Menopause Is Associated with Accelerated Lung Function Decline

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Menopause is associated with changes in sex hormones, which affect immunity, inflammation, and osteoporosis and may impair lung function. Lung function decline has not previously been investigated in relation to menopause.


To study whether lung function decline, assessed by FVC and FEV1, is accelerated in women who undergo menopause.


The population-based longitudinal European Community Respiratory Health Survey provided serum samples, spirometry, and questionnaire data about respiratory and reproductive health from three study waves (n = 1,438). We measured follicle-stimulating hormone and luteinizing hormone and added information on menstrual patterns to determine menopausal status using latent class analysis. Associations with lung function decline were investigated using linear mixed effects models, adjusting for age, height, weight, pack-years, current smoking, age at completed full-time education, spirometer, and including study center as random effect.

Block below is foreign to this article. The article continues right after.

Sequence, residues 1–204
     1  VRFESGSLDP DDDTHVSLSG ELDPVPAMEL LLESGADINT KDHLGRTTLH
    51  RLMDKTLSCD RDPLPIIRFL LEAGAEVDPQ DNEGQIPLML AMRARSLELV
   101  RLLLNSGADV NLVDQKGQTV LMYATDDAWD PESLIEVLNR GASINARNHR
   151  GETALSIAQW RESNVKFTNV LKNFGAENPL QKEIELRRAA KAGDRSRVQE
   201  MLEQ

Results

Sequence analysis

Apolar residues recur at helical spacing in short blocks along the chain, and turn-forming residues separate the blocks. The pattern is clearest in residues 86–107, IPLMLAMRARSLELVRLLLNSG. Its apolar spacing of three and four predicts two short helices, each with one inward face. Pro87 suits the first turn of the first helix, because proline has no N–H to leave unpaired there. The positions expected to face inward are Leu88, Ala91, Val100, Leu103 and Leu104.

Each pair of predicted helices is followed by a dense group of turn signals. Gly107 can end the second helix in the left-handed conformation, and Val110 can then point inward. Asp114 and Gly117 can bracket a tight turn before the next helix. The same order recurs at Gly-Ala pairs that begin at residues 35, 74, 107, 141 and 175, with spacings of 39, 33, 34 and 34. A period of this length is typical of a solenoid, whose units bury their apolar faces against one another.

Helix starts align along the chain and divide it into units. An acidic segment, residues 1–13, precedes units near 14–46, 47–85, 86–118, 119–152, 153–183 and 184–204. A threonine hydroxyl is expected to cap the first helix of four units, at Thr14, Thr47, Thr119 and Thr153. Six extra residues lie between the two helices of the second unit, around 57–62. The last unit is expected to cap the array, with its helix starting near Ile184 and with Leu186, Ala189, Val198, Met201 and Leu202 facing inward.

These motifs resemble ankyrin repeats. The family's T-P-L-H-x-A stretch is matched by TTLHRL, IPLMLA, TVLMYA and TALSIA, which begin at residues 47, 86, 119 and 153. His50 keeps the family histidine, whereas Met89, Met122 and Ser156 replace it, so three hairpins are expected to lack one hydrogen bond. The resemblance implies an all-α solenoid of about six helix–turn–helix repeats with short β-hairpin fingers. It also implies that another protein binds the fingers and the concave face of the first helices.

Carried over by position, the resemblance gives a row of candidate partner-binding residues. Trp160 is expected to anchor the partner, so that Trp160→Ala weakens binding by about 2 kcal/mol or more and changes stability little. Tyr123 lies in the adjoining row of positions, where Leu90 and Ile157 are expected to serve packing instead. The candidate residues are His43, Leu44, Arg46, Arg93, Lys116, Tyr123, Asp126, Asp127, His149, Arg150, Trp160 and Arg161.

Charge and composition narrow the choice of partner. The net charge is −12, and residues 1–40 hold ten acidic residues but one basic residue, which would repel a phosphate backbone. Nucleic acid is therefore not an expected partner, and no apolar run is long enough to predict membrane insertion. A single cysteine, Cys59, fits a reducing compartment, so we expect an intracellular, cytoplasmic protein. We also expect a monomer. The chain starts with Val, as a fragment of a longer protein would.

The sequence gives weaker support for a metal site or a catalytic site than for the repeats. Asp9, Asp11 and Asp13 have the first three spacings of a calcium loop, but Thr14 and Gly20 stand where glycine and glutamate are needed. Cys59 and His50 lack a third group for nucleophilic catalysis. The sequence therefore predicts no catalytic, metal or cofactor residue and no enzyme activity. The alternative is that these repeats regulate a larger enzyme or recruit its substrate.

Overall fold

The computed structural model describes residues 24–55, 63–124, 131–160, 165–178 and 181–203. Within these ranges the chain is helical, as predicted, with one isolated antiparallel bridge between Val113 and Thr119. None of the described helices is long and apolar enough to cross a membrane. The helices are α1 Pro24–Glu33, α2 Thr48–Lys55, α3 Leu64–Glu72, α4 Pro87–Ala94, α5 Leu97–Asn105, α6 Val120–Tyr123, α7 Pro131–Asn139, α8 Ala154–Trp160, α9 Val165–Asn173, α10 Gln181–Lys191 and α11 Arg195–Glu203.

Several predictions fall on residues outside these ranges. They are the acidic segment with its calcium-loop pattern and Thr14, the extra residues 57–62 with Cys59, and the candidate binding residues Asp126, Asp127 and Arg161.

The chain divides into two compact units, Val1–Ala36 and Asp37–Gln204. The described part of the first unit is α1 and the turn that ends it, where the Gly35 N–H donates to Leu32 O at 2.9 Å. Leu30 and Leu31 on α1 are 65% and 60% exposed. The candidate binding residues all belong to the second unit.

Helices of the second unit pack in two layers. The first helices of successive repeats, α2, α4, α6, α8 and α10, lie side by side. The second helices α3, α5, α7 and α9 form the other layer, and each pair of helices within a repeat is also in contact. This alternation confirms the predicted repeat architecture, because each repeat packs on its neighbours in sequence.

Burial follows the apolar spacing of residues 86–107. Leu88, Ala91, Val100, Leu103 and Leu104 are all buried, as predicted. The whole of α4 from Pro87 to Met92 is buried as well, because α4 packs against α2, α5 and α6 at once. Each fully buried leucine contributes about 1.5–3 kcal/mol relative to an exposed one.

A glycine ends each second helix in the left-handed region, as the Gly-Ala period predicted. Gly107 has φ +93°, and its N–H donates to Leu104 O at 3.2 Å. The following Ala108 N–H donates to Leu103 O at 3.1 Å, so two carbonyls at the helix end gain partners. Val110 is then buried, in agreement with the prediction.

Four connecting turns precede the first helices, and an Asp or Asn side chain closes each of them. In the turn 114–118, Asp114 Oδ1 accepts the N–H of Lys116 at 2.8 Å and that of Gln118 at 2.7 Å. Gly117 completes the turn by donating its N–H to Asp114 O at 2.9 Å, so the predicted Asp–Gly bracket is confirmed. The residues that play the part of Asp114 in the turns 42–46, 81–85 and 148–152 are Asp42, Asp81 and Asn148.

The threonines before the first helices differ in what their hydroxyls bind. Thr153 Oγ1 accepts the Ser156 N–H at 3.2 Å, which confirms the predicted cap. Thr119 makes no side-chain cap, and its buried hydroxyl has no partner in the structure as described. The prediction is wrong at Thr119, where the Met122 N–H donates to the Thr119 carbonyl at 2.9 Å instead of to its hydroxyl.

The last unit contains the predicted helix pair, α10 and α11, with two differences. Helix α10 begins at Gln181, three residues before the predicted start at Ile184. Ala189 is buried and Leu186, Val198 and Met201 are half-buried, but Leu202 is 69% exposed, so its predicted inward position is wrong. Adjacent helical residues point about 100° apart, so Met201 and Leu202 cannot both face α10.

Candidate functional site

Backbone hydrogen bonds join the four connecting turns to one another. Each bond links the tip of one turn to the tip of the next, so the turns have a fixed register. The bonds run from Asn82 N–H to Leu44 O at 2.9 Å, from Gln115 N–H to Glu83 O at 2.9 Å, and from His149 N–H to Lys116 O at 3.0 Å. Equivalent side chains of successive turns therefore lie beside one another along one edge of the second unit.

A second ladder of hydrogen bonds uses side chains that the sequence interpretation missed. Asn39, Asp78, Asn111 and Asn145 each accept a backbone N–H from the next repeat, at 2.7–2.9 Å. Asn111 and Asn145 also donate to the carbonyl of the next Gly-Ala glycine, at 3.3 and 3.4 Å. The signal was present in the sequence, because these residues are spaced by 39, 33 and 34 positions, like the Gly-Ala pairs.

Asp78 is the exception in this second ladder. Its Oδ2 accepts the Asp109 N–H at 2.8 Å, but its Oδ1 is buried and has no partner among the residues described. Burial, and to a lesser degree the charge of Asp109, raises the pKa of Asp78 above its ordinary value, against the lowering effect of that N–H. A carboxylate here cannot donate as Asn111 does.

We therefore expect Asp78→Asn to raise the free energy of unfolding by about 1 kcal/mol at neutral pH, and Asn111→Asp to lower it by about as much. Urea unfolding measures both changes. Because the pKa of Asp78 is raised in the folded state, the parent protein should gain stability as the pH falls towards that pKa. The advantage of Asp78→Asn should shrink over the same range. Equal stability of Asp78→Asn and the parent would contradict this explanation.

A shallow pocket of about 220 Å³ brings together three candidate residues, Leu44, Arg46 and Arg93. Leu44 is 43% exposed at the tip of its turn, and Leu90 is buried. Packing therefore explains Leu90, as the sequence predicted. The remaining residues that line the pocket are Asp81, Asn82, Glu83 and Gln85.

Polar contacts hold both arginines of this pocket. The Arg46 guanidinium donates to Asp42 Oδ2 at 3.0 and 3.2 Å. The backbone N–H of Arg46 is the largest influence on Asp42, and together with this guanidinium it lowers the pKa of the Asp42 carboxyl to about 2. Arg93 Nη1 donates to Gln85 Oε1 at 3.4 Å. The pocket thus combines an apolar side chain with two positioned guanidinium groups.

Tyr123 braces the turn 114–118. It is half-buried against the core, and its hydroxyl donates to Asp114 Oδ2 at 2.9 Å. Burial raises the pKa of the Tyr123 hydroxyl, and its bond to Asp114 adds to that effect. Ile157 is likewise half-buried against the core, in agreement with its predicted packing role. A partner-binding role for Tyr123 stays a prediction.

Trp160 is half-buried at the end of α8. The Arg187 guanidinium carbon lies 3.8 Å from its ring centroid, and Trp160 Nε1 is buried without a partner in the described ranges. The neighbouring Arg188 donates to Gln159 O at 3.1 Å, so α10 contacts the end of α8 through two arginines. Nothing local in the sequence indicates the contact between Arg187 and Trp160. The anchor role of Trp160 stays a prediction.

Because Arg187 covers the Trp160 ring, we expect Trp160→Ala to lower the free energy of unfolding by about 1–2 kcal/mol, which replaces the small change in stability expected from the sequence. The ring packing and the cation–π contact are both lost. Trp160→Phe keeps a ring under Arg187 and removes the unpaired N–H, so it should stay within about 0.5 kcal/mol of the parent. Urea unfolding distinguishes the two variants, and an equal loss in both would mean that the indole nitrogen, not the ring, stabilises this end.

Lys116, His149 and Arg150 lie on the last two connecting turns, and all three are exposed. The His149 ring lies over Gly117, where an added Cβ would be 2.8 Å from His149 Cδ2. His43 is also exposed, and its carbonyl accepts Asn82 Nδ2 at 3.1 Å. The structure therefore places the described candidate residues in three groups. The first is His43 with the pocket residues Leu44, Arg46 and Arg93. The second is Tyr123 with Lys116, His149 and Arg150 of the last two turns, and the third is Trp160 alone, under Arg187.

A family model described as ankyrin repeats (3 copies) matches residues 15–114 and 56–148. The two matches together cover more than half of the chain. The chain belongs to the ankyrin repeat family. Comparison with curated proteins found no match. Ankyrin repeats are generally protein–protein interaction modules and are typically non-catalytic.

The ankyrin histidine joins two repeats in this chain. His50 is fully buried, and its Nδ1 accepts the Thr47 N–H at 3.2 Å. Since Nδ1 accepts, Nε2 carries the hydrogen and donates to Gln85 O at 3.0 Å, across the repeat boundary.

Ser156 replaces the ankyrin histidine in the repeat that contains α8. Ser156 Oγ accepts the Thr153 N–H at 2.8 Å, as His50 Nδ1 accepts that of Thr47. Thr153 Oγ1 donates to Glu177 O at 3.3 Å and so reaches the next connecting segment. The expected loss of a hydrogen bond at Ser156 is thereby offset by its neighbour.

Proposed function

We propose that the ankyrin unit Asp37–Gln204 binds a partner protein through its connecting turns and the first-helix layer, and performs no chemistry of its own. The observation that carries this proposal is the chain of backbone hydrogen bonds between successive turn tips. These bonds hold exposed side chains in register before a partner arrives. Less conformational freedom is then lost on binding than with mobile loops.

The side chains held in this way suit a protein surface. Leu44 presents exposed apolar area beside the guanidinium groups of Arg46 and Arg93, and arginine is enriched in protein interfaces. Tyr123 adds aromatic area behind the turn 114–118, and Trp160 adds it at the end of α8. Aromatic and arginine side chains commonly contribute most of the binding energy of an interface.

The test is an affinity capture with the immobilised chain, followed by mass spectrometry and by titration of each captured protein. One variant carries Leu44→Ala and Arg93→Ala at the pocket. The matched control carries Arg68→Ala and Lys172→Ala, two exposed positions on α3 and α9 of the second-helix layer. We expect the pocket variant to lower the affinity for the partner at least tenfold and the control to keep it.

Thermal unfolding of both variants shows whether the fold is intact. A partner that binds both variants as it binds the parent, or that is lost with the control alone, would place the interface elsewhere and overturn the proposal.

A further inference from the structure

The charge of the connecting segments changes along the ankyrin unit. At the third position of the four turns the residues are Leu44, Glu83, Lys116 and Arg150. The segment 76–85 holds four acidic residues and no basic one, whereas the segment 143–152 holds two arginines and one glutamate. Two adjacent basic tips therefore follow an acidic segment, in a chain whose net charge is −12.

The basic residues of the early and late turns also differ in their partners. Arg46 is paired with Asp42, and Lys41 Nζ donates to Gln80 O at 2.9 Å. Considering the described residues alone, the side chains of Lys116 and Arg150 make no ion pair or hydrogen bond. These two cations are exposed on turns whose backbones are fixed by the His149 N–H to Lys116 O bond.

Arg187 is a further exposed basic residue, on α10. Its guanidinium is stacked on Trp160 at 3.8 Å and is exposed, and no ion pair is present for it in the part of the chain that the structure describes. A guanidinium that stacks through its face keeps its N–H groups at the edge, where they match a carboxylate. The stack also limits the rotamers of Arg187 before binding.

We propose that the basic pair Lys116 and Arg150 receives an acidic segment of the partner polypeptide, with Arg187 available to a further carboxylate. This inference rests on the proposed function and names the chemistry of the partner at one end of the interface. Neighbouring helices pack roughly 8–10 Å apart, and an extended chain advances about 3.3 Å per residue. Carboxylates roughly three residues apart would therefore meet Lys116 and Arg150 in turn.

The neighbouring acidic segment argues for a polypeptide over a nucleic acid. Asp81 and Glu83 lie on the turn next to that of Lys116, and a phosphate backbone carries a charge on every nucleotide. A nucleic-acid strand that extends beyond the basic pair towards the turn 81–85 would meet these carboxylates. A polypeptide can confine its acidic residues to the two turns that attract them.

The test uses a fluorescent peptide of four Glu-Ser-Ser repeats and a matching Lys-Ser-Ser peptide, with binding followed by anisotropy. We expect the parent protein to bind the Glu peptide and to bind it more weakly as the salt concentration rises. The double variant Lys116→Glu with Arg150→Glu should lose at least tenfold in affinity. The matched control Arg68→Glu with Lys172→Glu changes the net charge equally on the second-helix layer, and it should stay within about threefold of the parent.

Measurements and Main Results:

Menopausal status was associated with accelerated lung function decline. The adjusted mean FVC decline was increased by −10.2 ml/yr (95% confidence interval [CI], −13.1 to −7.2) in transitional women and −12.5 ml/yr (95% CI, −16.2 to −8.9) in post-menopausal women, compared with women menstruating regularly. The adjusted mean FEV1 decline increased by −3.8 ml/yr (95% CI, −6.3 to −2.9) in transitional women and −5.2 ml/yr (95% CI, −8.3 to −2.0) in post-menopausal women.


Lung function declined more rapidly among transitional and post-menopausal women, in particular for FVC, beyond the expected age change. Clinicians should be aware that respiratory health often deteriorates during reproductive aging.

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